In a large baking dish, add liver and milk. Let liver soak, covered in the refrigerator, for at least 2 hours and no more than 24 hours.
In a large cast-iron skillet, saute bacon over medium-high heat until fat is rendered, about 5 minutes. Remove bacon from skillet. Drain off almost all the fat, and place skillet over medium heat. Add onion, and cook until caramelized, about 6 minutes. Add bacon back to skillet with capers, sage, salt, and pepper. Deglaze with wine, and cook for 2 minutes, loosening any brown bits from the bottom of the pan with a spoon. Add stock, and cook until heated through. Pour in cream, and stir to combine.
Remove liver from milk, dredge liver in flour, and season with salt and pepper. In a cast-iron skillet, heat olive oil over medium heat. Cook liver for 3 minutes on each side for medium rare. Serve liver topped with cream sauce and sprinkled with parsley.
Place peppercorns, dill, parsley, bay leaves, leeks, carrots, celery, chicken, wings, and backs into a large stockpot. Add stock and 6 cups cold water. Bring to a boil. Reduce to a very gentle simmer, and cook for 45 minutes. Liquid should just bubble up to the surface. A skin will form on the surface of the liquid; skim this off with a slotted spoon, and discard. Repeat as needed. After 45 minutes, remove chicken from the pot, and set aside until it is cool enough to handle. Remove the meat from the bones, set the meat aside, and return the bones to the pot. Shred the chicken, and set aside in the refrigerator until ready to use. Continue to simmer the stock, on the lowest heat possible, for 3 hours, skimming as needed. The chicken bones will begin to disintegrate. Strain the stock through a fine sieve into a very large bowl. Discard the solids. Place the bowl in an ice bath, and let cool to room temperature. Transfer to airtight containers. Stock may be refrigerated for 3 days or frozen for 4 months. Refrigerate for at least 8 hours, or overnight. If storing, leave fat layer intact to the seal the stock. Before using, remove the layer of fat that has collected on the surface.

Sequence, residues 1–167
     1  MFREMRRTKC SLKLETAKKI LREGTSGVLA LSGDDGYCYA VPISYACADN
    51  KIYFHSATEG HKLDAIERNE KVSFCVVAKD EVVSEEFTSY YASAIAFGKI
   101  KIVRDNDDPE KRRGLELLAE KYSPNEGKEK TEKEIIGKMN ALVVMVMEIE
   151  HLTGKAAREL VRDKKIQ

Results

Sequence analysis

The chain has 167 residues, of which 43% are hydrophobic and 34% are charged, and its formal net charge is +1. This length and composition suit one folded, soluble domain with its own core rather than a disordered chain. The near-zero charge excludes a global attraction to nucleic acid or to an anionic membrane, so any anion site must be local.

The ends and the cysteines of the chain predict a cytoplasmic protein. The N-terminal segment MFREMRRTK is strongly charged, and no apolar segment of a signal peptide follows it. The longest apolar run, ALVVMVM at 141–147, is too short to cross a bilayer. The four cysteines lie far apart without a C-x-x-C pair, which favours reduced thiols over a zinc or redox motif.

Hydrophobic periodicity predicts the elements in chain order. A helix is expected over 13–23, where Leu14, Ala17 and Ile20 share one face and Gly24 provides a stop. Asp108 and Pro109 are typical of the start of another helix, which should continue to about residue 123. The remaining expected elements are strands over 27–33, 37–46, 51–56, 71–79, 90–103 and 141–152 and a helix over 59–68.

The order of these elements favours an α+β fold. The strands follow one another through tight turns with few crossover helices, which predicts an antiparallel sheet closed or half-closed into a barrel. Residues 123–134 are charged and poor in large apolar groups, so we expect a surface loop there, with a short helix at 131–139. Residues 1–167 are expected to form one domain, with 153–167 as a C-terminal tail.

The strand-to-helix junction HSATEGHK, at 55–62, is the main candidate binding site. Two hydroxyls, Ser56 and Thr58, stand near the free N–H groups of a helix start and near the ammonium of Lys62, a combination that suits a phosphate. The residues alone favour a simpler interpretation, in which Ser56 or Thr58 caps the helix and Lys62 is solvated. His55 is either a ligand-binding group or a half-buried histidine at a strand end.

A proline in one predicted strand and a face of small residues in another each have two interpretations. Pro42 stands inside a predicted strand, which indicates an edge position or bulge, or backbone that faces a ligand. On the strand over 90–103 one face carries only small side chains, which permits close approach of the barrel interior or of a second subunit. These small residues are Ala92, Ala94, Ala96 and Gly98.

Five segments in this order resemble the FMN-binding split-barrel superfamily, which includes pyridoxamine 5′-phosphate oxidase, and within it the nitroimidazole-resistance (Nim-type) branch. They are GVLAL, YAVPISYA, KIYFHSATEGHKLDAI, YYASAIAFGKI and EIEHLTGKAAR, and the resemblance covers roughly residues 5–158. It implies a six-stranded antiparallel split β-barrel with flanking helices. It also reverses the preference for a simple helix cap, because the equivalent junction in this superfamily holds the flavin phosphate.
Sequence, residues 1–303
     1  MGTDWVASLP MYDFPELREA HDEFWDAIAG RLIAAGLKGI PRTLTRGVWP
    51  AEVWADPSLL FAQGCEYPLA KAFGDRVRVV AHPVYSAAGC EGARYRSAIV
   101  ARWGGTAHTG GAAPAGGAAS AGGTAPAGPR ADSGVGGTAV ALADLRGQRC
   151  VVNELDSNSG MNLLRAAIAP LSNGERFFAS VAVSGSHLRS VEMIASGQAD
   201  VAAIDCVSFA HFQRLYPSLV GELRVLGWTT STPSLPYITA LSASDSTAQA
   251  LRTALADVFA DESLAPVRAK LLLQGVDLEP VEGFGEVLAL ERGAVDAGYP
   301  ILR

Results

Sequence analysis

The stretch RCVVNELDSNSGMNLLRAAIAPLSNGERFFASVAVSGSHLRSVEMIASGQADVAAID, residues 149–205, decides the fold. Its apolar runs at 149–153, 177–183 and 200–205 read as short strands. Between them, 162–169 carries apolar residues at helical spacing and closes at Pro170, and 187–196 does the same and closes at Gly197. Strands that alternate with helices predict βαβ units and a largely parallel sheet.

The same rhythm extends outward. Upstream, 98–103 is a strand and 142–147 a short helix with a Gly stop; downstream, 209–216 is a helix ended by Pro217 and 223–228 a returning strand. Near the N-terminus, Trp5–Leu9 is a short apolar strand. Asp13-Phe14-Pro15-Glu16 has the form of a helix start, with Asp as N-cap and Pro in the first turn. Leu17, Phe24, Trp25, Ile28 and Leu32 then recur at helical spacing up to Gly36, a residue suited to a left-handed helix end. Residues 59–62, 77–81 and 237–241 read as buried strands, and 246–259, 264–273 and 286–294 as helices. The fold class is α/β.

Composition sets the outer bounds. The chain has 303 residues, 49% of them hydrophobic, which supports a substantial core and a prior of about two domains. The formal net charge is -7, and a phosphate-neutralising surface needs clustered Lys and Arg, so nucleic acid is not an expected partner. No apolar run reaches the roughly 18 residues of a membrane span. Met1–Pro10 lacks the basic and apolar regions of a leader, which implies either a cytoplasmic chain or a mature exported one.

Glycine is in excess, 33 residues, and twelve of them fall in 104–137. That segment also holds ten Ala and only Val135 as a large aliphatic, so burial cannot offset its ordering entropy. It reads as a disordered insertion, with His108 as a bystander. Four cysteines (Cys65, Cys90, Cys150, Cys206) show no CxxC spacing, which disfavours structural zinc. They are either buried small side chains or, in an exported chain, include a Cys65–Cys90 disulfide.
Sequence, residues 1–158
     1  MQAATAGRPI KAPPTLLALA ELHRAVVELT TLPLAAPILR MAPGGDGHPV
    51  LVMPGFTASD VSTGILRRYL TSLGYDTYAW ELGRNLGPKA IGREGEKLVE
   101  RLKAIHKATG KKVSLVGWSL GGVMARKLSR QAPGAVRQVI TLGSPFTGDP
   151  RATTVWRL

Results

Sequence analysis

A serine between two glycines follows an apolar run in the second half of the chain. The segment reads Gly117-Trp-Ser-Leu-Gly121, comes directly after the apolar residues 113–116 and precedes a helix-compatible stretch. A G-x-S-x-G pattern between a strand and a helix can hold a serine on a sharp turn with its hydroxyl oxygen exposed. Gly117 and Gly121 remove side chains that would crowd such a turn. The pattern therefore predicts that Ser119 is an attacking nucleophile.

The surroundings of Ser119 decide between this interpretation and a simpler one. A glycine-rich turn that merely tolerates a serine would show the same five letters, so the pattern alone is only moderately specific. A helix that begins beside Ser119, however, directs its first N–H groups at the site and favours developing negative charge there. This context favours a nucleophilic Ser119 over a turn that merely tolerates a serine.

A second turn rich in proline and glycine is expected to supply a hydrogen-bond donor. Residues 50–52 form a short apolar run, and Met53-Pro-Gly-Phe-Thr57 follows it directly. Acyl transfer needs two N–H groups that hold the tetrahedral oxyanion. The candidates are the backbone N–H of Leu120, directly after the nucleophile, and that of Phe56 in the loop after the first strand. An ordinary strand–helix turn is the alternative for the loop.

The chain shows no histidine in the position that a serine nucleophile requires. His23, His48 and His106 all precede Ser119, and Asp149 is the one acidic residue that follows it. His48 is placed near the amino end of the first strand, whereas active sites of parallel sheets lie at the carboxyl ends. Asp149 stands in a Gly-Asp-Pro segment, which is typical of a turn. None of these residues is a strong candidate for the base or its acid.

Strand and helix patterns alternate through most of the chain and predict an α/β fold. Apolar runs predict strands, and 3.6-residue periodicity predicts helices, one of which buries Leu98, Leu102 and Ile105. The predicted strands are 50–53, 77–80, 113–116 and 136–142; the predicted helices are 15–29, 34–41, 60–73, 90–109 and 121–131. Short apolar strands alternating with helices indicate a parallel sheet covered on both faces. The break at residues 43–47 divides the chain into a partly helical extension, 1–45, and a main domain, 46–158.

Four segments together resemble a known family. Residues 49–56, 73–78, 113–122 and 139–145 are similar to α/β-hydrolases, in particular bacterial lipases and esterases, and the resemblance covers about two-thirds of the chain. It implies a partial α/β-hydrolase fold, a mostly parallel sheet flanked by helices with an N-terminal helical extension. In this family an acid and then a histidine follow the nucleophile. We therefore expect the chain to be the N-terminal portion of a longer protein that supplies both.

Yield: 5 quarts
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